The Cheesemonger: A Bit of Crunch in Your Cheese?

Ever wonder about the whitish spots of crunch in your cheese? People have a wide variety of theories on those little crystalline bits. No, it's not salt, it's not something deliberately added during cheesemaking, it's not that the cheese is old and it's starting to dry out, and it's not a cheese mite.

Today we're setting the record straight in a big reveal of the little known component in some of your favorite cheeses.

Those bits are called tyrosine, and they're actually amino acid clusters that form with age. Tyrosine clusters are signs of a well-aged cheese, which is why you'll find them in some of the world's most loved cheeses like Parmigiano Reggiano, aged goudas, and mountain cheeses like gruyere or Pleasant Ridge Reserve.

Tyrosine is a non-essential amino acid found mainly in casein, the dominant protein found in milk. The word itself is from the Greek tyros, meaning cheese. What's most fascinating (from a dorky cheese fanatic perspective) is the reason that these protein clusters form.

When cheese is made, fats and proteins are trapped within chains of proteins that have bonded together during acidification. Groupings of these fats and proteins make up the solids, or curds, that form cheese. When cheese spends a long time aging, these protein chains begin to unravel, leaving small, crunchy deposits behind.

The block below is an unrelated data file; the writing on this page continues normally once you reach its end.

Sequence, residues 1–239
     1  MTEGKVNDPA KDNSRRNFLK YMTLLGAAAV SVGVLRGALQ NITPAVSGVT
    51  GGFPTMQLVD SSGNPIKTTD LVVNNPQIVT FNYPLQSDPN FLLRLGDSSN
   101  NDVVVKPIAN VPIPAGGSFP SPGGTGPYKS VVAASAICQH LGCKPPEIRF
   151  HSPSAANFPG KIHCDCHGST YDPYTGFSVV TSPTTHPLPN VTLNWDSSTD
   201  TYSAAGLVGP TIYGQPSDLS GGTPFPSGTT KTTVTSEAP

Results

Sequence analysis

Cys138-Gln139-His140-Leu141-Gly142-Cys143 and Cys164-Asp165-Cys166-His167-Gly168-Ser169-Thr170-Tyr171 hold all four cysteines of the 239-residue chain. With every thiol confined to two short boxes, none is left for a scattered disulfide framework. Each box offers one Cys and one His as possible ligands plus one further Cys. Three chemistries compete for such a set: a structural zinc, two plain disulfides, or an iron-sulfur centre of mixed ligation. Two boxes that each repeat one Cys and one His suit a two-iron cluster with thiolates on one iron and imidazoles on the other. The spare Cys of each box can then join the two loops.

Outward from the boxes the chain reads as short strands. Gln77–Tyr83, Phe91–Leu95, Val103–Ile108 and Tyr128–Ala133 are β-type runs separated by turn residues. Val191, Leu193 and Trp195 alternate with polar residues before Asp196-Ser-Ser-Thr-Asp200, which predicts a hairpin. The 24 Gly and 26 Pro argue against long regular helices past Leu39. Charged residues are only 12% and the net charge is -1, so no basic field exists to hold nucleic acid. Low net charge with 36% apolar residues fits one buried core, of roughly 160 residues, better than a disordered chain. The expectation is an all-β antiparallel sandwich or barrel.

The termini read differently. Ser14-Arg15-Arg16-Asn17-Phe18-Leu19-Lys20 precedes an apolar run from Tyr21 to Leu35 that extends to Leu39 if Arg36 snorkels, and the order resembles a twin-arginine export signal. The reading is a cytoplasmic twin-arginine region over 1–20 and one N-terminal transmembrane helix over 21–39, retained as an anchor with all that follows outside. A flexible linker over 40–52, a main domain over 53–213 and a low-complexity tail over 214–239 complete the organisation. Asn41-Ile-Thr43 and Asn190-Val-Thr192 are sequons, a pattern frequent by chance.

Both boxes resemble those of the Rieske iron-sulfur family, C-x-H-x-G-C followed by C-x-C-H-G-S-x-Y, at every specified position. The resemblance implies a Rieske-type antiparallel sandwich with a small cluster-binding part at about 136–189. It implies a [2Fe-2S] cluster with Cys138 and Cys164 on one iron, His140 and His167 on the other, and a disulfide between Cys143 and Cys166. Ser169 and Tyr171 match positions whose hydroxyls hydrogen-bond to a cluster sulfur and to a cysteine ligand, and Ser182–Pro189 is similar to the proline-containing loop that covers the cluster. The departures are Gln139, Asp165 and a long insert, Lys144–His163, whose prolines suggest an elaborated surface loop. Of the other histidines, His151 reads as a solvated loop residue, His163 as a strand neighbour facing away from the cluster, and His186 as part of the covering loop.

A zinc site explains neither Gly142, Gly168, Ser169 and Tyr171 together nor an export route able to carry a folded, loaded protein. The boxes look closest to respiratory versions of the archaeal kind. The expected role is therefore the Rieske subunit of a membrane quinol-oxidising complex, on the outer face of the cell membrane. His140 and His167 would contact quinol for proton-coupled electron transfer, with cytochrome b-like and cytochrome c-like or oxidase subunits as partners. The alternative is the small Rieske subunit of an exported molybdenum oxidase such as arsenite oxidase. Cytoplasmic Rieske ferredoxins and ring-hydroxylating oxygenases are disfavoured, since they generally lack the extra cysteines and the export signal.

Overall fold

Tyrosine lends a distinctive textural charm to cheese, and is a welcome interruption within the body of an otherwise smooth paste. And sometimes it even compliments the beverage you may be drinking with your cheese, as in the case of pairing a full-bodied stout with a super-aged cheddar; the crunchiness of the cheese somehow matches the fullness of the beer by contributing its own textural intensity.

Tyrosine is not to be confused with the crunchiness you can find in some washed-rind cheeses. Since this category of cheese is usually washed in some kind of salt water brine, residual salt crystals are often left behind on the crust of these cheeses. When you take a bite of rind and inner paste together, the crunchiness from the outside can be mistaken for existing on the inside.
Now go and impress your cheese-loving friends with your new vocabulary word!

(image: Flickr.com)

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Shopping, Cheese, The Cheesemonger

Nora Singley used to be a cheesemonger and the Director of Education at Murray's Cheese Shop. Until recently she was a TV Chef on The Martha Stewart Show. She is currently a freelance food stylist and recipe developer in New York.